soon as possible. I shall be over again as soon as the cargo is run; if
you find out anything, you had better come to-morrow night."

"I will," replied Cornbury; and the parties separated.

"Traitor," muttered Nancy, when she was once more alone. "If he comes,
it shall be to his death;" and Nancy stooped down, picked up the pieces
of paper which Cornbury had torn up, and put them in the basket she
carried on her arm.

It will be observed that Nancy had purposely thrown out hints against
Wahop, to induce Cornbury to believe that he was not suspected. Her
assertion that Wahop was not on the island was false. He had been three
days at Ryde, according to the arrangement. The bait took. Cornbury
perceiving that the suspicion was against Wahop, thought that he could
not do better than to boldly make his appearance at the cave, which
would remove any doubts as to his own fidelity.

Nancy hastened down to the Point, and returned that night to Ryde, from
whence she walked over to the cave, and was there before daylight. She
communicated to Alice the intelligence which she had received from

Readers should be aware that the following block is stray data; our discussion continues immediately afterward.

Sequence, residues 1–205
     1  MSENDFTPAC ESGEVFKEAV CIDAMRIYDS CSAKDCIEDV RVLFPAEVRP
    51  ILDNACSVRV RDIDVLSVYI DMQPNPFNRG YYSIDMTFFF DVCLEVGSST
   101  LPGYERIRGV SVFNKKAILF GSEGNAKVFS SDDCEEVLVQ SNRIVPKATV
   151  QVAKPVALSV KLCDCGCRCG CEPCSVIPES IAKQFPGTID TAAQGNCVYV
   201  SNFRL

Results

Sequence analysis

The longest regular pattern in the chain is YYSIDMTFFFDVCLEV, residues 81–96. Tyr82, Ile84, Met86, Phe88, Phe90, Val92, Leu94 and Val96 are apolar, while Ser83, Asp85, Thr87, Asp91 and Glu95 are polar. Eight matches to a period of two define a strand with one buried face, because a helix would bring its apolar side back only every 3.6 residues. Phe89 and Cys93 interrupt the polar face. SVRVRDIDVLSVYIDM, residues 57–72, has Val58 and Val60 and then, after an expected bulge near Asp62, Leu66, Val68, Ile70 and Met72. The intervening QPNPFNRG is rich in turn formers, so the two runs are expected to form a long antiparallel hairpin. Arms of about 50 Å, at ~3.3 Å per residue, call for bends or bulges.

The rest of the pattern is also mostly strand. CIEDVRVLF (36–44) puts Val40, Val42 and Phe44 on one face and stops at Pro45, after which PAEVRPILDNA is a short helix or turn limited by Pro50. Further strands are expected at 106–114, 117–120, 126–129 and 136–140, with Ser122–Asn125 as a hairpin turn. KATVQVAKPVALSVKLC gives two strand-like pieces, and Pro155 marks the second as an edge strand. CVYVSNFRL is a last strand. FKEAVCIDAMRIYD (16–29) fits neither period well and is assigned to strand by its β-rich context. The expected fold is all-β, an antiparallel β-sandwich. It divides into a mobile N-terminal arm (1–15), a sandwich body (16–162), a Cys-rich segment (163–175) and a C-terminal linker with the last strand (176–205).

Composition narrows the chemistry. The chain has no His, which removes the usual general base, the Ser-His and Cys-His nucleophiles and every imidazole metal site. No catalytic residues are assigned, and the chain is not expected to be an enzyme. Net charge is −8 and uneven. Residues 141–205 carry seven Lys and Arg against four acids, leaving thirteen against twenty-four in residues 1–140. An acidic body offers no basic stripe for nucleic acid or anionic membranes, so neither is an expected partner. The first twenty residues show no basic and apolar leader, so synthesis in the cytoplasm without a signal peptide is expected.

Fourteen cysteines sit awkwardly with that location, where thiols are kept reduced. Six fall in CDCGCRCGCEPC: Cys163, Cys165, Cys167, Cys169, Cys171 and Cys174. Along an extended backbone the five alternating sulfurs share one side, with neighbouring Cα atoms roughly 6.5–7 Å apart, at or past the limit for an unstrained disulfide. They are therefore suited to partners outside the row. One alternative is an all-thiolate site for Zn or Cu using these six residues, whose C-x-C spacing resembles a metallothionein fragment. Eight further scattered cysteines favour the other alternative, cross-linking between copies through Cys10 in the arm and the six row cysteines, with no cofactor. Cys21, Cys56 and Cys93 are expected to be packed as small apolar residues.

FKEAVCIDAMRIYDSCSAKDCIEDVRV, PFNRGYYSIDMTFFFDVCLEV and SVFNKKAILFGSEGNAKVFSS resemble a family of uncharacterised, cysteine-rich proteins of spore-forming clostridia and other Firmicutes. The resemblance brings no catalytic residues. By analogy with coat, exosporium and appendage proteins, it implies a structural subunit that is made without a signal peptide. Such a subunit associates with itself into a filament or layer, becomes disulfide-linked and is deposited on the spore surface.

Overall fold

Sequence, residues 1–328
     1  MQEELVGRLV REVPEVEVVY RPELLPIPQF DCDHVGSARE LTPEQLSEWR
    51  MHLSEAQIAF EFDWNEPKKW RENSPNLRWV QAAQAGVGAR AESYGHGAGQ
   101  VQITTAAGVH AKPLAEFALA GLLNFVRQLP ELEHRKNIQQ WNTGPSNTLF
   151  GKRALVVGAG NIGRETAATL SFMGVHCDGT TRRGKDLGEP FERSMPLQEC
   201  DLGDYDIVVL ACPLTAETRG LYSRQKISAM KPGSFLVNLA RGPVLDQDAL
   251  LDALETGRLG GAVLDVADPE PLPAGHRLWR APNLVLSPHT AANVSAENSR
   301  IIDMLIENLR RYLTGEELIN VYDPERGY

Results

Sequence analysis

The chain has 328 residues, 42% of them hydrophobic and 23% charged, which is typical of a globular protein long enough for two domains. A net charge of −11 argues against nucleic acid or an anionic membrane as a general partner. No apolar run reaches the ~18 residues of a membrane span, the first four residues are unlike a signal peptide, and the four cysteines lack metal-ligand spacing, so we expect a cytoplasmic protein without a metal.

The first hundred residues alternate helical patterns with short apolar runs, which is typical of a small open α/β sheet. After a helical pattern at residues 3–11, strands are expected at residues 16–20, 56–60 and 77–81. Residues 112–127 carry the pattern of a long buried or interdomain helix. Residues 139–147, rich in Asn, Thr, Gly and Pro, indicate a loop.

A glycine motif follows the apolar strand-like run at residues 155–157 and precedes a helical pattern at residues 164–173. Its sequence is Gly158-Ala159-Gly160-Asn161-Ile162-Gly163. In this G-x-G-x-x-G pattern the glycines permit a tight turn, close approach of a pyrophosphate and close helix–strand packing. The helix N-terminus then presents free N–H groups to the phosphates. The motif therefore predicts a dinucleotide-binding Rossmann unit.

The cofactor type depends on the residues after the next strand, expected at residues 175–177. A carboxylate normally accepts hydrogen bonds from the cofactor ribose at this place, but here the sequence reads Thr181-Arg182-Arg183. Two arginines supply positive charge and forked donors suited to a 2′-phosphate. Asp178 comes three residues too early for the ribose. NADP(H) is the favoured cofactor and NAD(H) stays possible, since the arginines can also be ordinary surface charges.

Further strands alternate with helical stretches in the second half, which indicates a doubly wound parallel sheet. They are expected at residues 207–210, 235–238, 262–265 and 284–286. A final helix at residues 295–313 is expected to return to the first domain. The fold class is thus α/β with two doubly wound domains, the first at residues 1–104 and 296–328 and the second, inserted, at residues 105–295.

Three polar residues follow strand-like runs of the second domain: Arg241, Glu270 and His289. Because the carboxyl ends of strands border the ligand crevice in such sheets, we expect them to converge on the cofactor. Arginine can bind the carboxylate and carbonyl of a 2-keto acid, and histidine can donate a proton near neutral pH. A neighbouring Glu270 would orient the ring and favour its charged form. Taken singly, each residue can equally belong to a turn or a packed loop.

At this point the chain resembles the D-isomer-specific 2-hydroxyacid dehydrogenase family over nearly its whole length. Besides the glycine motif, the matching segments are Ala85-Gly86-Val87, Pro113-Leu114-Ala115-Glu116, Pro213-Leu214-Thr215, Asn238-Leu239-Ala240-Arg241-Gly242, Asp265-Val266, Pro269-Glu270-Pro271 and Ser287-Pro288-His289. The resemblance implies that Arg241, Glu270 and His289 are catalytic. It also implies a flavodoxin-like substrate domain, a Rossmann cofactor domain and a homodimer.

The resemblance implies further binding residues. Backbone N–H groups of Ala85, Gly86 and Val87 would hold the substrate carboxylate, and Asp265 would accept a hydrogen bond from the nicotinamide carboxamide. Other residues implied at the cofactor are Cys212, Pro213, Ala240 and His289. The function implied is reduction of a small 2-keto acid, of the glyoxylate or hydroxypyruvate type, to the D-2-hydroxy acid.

Moggy Salisbury, and the arrangements she had proposed to her, by which
the motions of the cutter could be known.

"Is that woman to be trusted, think you, Nancy?" inquired Alice.

"Yes, I believe sincerely she may be. I have known her long; and she
wishes her husband to join us."

"We must reflect upon it. She may be most useful. What is the character
of the officer who commands the vessel?"

"A miser, and a coward. He is well known--neither honour nor conscience
in him."

"The first is well, as we may act upon it, but the second renders him
doubtful. You are tired, Nancy, and had better lie down a little."

Nancy Corbett delivered the pens to Lilly, and then took the advice of
her superior. The day was remarkably fine, and the water smooth, so that
the boats were expected that night. At dusk two small lights, at even
distances, were suspended from the cliff, to point out to the boats that
the coast was free, and that they might land. Alice, however, took the
precaution to have a watch on the beach, in case of any second surprise
being attempted; but of this there was little fear, as she knew from
Nancy, that all the cutter's boats were on board when she entered the